The Catcher in the Rye

The previous posting may have left the impression that author J. D. Salinger was a humorous writer of childhood adventures in the style of Jean Shepherd.  Far from it.  Holden Caulfield is no Ralphie wanting a BB gun for Christmas.

Salinger’s recurring theme is an underlining, almost palpable, rage at the trivialization of life as the price demanded for living in society, particularly at the upper economic levels.  Holden’s favorite word is “phony,” and who among us has not thought our parents and teachers phonies at that age?  The only difference is that we rarely see it in ourselves, a danger that easily takes over unnoticed.  Holden sees it and is scared by it.  This was obviously deeply felt by Salinger himself as shown by his obsessive rejection of praise and honors, and it is his main message in most of his writing.  In the New Yorker short story, Holden impulsively suggests to his girlfriend they turn their backs on their privileged lifestyles and live together in the country somewhere.   She refuses, they argue, and the story ends hours later with him alone in a bar, well past midnight and long after she has gone home to bed, as he drunkenly tries to apologize to her over the telephone.  Protecting yourself from phonyness is neither easy nor painless.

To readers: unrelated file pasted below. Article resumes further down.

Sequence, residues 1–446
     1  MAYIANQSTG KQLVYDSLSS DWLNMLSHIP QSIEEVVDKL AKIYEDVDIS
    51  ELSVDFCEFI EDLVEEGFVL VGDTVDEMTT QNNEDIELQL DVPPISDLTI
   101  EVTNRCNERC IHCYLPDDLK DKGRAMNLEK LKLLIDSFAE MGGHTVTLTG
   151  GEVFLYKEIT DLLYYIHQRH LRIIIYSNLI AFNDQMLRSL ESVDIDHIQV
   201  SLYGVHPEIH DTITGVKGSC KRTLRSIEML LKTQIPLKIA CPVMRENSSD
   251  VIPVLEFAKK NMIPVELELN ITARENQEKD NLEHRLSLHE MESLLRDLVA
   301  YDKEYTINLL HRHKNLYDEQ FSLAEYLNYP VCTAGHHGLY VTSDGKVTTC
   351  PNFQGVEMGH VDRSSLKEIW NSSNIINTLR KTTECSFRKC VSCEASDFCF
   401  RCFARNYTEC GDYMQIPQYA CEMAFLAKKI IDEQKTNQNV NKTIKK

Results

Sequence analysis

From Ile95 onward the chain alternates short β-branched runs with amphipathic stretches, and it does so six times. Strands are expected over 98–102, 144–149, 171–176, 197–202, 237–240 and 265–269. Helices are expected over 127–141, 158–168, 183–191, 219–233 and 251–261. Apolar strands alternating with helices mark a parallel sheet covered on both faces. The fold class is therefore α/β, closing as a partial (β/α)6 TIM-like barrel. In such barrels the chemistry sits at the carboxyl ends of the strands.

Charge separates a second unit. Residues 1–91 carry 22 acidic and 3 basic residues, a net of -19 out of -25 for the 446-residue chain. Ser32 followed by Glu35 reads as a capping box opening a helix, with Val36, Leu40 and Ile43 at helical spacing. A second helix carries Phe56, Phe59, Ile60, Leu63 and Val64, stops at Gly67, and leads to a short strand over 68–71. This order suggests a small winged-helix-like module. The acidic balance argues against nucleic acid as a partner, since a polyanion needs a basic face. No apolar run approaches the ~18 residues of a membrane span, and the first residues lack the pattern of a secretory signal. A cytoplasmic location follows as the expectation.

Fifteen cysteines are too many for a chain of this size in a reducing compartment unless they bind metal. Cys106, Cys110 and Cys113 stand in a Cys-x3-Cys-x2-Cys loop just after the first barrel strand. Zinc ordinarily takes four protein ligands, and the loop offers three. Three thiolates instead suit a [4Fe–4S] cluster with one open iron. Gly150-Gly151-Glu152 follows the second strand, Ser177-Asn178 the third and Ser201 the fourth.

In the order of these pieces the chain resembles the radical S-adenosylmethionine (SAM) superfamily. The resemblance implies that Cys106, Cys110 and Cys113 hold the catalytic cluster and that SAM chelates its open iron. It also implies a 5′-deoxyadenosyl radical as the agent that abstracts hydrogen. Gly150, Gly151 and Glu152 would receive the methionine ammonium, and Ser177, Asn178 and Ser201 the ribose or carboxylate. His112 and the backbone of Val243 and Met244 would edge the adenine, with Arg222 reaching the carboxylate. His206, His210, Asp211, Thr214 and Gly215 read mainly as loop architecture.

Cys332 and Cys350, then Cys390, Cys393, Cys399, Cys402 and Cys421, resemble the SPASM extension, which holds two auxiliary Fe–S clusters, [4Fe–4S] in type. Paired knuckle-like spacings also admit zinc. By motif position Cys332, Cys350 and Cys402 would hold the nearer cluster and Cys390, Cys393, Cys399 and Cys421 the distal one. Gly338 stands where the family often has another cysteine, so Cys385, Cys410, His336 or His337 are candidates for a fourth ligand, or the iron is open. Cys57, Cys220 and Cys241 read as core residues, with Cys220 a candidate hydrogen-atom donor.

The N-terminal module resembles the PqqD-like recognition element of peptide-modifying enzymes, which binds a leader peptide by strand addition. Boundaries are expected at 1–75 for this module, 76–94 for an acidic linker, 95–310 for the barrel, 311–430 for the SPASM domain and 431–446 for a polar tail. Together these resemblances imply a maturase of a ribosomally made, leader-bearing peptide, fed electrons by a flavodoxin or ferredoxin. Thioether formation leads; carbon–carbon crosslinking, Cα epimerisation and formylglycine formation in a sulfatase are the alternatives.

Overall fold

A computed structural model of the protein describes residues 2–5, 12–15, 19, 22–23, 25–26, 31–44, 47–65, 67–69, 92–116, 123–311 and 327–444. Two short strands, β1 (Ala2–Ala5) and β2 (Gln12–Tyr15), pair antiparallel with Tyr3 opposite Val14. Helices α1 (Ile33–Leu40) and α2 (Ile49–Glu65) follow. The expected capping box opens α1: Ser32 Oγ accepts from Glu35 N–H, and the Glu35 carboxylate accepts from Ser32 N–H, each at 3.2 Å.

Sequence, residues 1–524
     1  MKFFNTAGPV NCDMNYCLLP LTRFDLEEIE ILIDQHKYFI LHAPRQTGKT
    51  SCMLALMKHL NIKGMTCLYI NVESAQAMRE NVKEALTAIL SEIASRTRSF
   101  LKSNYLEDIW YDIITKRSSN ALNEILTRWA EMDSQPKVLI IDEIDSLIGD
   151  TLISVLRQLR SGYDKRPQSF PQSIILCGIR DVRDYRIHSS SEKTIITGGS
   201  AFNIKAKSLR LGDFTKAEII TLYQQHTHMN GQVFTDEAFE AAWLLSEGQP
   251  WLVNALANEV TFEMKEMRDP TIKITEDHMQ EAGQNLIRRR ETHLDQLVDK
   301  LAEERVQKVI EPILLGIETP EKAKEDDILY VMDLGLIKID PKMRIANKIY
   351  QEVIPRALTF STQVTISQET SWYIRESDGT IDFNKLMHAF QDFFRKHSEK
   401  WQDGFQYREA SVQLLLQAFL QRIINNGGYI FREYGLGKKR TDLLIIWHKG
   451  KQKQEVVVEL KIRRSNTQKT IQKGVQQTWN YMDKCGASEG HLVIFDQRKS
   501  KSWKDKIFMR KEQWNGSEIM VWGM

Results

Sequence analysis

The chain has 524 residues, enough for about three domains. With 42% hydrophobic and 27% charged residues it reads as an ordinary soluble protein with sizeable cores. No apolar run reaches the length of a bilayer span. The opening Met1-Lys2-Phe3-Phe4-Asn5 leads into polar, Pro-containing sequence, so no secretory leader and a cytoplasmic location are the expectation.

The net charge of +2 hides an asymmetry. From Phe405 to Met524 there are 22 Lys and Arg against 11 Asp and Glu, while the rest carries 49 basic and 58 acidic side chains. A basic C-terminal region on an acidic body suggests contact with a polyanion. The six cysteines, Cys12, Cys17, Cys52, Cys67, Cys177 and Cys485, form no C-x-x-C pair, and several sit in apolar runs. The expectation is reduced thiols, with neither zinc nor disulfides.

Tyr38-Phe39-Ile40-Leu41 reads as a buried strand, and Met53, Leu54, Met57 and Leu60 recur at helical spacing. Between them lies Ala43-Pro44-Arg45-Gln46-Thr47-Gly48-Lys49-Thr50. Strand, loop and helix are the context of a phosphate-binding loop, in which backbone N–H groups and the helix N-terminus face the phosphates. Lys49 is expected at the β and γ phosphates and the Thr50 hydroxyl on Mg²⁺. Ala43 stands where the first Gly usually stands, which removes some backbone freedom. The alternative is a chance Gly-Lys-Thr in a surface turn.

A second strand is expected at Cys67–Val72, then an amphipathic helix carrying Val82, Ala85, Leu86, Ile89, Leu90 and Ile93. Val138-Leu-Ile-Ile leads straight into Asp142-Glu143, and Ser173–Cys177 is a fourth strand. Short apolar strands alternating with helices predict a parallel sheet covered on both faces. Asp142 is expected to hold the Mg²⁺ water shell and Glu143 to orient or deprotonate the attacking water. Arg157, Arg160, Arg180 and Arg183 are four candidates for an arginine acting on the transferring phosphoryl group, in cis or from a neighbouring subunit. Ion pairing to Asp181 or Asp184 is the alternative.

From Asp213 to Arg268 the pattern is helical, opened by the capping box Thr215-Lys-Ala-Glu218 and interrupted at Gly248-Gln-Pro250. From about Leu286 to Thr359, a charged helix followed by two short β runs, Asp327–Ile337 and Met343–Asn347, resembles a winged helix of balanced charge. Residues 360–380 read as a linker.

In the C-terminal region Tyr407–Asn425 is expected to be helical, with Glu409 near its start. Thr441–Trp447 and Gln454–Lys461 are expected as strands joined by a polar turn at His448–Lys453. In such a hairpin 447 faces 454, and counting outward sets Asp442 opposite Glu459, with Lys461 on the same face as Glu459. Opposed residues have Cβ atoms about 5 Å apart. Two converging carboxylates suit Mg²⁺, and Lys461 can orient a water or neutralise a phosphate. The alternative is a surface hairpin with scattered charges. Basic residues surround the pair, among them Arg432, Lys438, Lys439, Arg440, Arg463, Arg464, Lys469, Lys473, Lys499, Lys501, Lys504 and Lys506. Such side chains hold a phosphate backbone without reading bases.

I understand The Catcher in the Rye no longer appeals to the younger generations as it first did in the 1950s, I suspect because it has become required reading in many high school English Lit. classes.  They see Holden as old-fashioned and  “whiney,” but many of them share the same rage.  Just watch any episode of the reality TV series “The Real Wives of … ,”  and notice the rage of their children.  It is not pretty.

About Roger Walck

My reasons for writing this blog are spelled out in the posting of 10/1/2012, Montaigne's Essays. They are probably not what you think.
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